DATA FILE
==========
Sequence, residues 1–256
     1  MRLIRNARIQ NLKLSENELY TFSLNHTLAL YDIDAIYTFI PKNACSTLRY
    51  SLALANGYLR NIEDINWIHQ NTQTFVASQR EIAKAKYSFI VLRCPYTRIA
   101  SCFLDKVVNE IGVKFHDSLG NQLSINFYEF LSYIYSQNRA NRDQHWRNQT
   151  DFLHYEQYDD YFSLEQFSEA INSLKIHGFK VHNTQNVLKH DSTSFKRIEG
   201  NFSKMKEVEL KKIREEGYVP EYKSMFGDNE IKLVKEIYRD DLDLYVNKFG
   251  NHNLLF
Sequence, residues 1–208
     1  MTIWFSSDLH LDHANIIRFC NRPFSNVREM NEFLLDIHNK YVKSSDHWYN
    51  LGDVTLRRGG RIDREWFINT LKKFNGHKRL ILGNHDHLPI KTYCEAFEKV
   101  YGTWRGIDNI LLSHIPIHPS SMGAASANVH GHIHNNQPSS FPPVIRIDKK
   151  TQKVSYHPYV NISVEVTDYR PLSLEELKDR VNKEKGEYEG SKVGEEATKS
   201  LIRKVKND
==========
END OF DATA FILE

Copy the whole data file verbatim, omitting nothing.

Sequence, residues 1–256
     1  MRLIRNARIQ NLKLSENELY TFSLNHTLAL YDIDAIYTFI PKNACSTLRY
    51  SLALANGYLR NIEDINWIHQ NTQTFVASQR EIAKAKYSFI VLRCPYTRIA
   101  SCFLDKVVNE IGVKFHDSLG NQLSINFYEF LSYIYSQNRA NRDQHWRNQT
   151  DFLHYEQYDD YFSLEQFSEA INSLKIHGFK VHNTQNVLKH DSTSFKRIEG
   201  NFSKMKEVEL KKIREEGYVP EYKSMFGDNE IKLVKEIYRD DLDLYVNKFG
   251  NHNLLF
Sequence, residues 1–208
     1  MTIWFSSDLH LDHANIIRFC NRPFSNVREM NEFLLDIHNK YVKSSDHWYN
    51  LGDVTLRRGG RIDREWFINT LKKFNGHKRL ILGNHDHLPI KTYCEAFEKV
   101  YGTWRGIDNI LLSHIPIHPS SMGAASANVH GHIHNNQPSS FPPVIRIDKK
   151  TQKVSYHPYV NISVEVTDYR PLSLEELKDR VNKEKGEYEG SKVGEEATKS
   201  LIRKVKND